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Maurine – Part 4 [Maurine, Maurine, ’tis Ten O’clock! Arise]
by [?]


“Maurine, Maurine, ’tis ten o’clock! arise,
My pretty sluggard, open those dark eyes
And see where yonder sun is! Do you know
I made my toilet just four hours ago?”

‘Twas Helen’s voice: and Helen’s gentle kiss
Fell on my cheek. As from a deep abyss,
I drew my weary self from that strange sleep
That rests not nor refreshes. Scarce awake
Or conscious, yet there seemed a heavy weight
Bound on my breast, as by a cruel Fate.
I knew not why, and yet I longed to weep.
Some dark cloud seemed to hang upon the day;
And, for a moment, in that trance I lay,
When suddenly the truth did o’er me break,
Like some great wave upon a helpless child.
The dull pain in my breast grew like a knife –
The heavy throbbing of my heart grew wild,
And God gave back the burden of the life
He kept what time I slumbered.
“You are ill,”
Cried Helen, “with that blinding headache still!
You look so pale and weary. Now let me
Play nurse, Maurine, and care for you to-day!
And first I’ll suit some dainty to your taste,
And bring it to you, with a cup of tea.”
And off she ran, not waiting my reply.
But, wanting most the sunshine and the light,
I left my couch, and clothed myself in haste,
And, kneeling, sent to God an earnest cry
For help and guidance.
“Show Thou me the way,
Where duty leads, for I am blind! my sight
Obscured by self. Oh, lead my steps aright!
Help me see the path: and if it may,
Let this cup pass:- and yet, Thou heavenly One,
Thy will in all things, not mine own, be done.”
Rising, I went upon my way, receiving
The strength prayer gives alway to hearts believing.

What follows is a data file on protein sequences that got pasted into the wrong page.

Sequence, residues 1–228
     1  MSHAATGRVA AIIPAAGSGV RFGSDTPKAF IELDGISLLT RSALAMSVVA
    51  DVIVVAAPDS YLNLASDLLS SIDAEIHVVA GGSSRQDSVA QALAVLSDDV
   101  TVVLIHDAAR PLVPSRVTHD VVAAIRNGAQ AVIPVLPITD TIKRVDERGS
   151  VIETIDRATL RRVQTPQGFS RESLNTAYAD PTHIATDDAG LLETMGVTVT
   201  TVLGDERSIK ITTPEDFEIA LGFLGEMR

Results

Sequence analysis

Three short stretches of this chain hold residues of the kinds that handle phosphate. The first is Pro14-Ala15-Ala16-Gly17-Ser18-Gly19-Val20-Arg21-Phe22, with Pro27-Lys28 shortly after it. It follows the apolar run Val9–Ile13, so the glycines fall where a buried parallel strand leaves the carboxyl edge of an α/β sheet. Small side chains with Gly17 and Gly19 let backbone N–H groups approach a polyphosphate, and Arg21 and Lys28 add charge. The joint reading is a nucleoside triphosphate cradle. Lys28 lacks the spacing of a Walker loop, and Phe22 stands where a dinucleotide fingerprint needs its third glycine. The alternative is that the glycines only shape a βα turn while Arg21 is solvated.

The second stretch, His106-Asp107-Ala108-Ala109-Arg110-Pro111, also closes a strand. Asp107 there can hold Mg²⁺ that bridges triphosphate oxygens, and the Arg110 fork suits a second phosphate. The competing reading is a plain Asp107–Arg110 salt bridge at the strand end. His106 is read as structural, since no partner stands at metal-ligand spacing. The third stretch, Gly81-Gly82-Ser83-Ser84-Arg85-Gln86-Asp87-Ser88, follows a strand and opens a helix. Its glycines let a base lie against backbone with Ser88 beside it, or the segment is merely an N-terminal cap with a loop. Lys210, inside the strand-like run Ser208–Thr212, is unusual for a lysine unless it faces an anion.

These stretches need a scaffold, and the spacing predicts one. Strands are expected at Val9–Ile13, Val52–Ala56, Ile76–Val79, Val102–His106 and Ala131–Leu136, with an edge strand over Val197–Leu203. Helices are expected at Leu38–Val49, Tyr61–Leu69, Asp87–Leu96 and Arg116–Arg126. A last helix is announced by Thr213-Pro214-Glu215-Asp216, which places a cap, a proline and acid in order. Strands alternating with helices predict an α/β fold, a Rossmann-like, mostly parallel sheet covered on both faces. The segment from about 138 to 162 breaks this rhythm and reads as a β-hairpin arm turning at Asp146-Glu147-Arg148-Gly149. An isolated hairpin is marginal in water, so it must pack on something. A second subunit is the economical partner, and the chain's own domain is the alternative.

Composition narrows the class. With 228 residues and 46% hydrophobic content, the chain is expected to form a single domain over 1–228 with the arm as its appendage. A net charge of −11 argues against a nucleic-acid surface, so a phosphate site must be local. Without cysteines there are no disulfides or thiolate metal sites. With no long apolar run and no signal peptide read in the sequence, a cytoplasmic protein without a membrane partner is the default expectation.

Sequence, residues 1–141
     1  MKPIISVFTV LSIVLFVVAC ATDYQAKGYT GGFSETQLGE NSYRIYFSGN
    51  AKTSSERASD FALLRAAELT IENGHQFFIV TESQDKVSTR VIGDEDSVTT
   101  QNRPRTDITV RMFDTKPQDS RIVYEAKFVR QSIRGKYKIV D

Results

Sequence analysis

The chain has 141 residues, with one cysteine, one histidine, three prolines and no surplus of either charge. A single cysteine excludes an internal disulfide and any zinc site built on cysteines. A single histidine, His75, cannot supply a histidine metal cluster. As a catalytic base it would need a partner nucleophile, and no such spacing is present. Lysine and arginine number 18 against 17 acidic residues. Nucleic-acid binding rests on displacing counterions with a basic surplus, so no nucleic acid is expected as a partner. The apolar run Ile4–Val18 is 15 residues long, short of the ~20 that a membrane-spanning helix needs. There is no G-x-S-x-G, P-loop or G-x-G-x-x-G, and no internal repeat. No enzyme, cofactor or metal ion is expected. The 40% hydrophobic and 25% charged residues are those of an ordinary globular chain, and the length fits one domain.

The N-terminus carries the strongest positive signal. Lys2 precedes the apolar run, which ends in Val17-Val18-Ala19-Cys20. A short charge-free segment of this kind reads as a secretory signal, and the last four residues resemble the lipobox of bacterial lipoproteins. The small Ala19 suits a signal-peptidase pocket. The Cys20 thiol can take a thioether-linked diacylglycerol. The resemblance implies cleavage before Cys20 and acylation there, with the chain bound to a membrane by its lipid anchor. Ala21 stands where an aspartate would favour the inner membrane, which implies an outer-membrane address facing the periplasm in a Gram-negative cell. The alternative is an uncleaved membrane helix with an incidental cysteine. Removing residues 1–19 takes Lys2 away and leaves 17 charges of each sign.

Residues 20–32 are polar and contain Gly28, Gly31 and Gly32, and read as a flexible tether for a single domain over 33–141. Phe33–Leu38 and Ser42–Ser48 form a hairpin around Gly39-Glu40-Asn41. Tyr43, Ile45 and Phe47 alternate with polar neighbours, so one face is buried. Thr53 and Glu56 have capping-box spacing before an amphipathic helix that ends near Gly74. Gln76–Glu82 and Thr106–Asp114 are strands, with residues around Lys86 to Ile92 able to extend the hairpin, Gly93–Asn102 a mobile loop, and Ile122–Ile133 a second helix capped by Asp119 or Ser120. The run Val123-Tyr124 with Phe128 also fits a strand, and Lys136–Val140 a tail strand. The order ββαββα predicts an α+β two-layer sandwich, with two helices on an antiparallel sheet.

I felt that unseen hands were leading me,
And knew the end was peace.

“What! are you up?”
Cried Helen, coming with a tray, and cup,
Of tender toast and fragrant, smoking tea.
“You naughty girl! you should have stayed in bed
Until you ate your breakfast, and were better;
I’ve something hidden for you here–a letter.
But drink your tea before you read it, dear!
‘Tis from some distant cousin, auntie said,
And so you need not hurry. Now be good,
And mind your Helen.”

So, in passive mood,
I laid the still unopened letter near,
And loitered at my breakfast more to please
My nurse, than any hunger to appease.
Then listlessly I broke the seal and read
The few lines written in a bold free hand:
“New London, Canada. Dear Coz. Maurine!
(In spite of generations stretched between
Our natural right to that most handy claim
Of cousinship, we’ll use it all the same)
I’m coming to see you! honestly, in truth!
I’ve threatened often–now I mean to act;
You’ll find my coming is a stubborn fact.
Keep quiet, though, and do not tell Aunt Ruth.
I wonder if she’ll know her petted boy
In spite of changes? Look for me until
You see me coming. As of old I’m still
Your faithful friend, and loving cousin, Roy.”

So Roy was coming! He and I had played
As boy and girl, and later, youth and maid,
Full half our lives together. He had been,
Like me, an orphan; and the roof of kin
Gave both kind shelter. Swift years sped away
Ere change was felt: and then one summer day
A long-lost uncle sailed from India’s shore –
Made Roy his heir, and he was ours no more.